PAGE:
This tea was somewhat disappointing. First, the “Silver buds” name is largely marketing. There are certainly buds, but not a high percentage (though that may be due to the luck of the sample). It may just be that my palate is not refined enough, but I don’t detect the brown sugar, honey, etc. in the description. I just taste a somewhat bitter wood, with a hint of anise that comes and goes. There is nothing bad about the tea, but it just doesn’t appeal to me.
I won’t pretend to judge the ability of this tea to age, but for everyday drinking, I found it rather ordinary.
I tend to prefer lighter, more elegant sheng, so it is possible that someone who likes more powerful teas would find this to their liking. I steeped at 200 degrees, then tried a session at 185, with similar results.
I’m going through my cupboard and am embarrassed that I still haven’t reviewed many of my favorite teas. This is one of several white tea blends by Art of Tea that I really like. Partly, I enjoy their base tea, but also the blends are really well done.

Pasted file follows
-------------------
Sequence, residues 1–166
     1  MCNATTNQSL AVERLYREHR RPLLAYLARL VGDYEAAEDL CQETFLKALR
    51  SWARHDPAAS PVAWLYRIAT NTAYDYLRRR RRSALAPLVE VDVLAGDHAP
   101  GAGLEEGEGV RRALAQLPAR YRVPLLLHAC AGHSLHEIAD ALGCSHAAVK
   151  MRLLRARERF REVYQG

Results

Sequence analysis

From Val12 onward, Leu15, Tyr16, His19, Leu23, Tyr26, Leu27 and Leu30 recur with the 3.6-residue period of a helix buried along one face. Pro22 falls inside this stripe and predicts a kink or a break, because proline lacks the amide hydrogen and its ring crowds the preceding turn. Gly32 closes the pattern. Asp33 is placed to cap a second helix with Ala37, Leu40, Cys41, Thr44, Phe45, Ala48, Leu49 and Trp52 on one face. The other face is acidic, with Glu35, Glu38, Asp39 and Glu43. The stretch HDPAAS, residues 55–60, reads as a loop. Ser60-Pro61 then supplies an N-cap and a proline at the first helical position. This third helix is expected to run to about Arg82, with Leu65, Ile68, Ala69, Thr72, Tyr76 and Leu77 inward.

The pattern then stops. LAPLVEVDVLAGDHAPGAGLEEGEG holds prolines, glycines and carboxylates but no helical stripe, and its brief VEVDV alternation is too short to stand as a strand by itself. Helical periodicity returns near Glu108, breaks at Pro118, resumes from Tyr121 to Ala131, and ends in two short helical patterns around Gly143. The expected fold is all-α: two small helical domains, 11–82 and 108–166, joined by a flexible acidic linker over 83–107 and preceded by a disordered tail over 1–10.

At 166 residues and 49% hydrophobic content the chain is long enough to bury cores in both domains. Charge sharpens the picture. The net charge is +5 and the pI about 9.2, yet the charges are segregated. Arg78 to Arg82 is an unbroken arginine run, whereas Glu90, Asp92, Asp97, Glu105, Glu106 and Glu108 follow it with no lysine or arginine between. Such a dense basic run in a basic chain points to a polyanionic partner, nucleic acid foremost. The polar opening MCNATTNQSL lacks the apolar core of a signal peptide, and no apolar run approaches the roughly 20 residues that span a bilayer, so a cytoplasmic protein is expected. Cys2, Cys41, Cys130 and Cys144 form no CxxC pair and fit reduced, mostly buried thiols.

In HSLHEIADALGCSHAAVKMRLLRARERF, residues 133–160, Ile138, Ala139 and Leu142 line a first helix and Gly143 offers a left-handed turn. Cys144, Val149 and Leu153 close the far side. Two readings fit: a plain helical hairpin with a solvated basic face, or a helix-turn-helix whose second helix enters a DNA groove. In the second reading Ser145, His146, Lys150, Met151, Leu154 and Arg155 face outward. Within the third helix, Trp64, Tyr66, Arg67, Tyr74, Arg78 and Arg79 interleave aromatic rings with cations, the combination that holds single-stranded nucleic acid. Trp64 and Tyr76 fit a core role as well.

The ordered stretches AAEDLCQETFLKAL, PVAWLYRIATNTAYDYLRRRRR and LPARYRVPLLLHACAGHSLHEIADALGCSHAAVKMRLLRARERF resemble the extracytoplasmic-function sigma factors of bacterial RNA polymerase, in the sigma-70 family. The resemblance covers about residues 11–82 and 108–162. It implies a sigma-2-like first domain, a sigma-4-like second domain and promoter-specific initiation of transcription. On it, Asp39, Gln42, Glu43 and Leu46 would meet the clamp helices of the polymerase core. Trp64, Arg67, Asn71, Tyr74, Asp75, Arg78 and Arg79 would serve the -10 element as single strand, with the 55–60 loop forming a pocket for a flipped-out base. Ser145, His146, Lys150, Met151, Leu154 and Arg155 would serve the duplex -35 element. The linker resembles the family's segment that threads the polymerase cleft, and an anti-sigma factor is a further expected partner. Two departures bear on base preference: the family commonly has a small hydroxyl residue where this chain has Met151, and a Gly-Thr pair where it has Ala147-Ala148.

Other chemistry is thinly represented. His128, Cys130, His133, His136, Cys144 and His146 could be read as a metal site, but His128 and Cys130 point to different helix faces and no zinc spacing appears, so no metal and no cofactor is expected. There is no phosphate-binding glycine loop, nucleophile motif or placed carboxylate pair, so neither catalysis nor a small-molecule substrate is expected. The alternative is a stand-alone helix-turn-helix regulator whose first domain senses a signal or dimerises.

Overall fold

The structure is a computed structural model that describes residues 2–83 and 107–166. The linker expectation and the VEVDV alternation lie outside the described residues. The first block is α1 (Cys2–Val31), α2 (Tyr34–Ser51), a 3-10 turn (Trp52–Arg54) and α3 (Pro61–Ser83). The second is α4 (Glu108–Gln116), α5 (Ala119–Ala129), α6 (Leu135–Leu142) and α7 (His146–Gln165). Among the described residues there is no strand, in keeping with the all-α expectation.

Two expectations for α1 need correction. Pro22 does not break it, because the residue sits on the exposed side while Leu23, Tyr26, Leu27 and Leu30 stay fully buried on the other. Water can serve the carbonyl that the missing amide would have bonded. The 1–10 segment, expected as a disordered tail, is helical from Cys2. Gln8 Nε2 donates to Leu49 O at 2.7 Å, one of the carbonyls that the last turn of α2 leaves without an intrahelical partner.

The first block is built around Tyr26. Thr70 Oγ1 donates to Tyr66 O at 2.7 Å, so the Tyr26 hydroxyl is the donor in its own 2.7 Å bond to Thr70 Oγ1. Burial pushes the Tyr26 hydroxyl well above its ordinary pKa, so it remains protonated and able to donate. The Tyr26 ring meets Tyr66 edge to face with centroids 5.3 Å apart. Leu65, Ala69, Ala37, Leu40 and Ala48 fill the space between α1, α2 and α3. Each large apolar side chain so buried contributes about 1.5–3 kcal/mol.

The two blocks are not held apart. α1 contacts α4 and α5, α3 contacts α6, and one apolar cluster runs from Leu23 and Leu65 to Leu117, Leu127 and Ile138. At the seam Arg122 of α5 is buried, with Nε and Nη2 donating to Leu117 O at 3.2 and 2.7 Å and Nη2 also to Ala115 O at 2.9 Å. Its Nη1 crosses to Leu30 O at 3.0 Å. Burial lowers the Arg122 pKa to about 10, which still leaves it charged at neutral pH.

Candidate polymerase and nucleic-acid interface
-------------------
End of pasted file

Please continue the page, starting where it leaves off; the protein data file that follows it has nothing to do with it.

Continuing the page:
This one is colorful, with bits of red, white, orange and blue among the tea leaves. Powerful aroma reminds me of the summer rain tea, but with coconut as well. Rich taste with lots of coconut flavor. Really good. Not at all toasted, like some other coconut teas. The coconut extends well into the finish, which is light.
Most young sheng is coarse and powerful. This one is elegant. I have trouble calling out specific flavors because the flavors are so well integrated, but straw and wood are obvious, with hints of flowers early and black pepper and anise in later steeps.
There is a lot of cha qi, so I’m getting very relaxed. The first two steeps had very little astringency or acidity, and no bitterness. Later steeps have some acid and astringency, but still only a hint of bitterness. The finish is excellent, and much of the complexity comes via the interaction of the finish with the aroma and taste.
I really like this tea. I have no idea how it will age, but it is really great for drinking right now. I got it as part of the recent Tea Urchin Sampler set.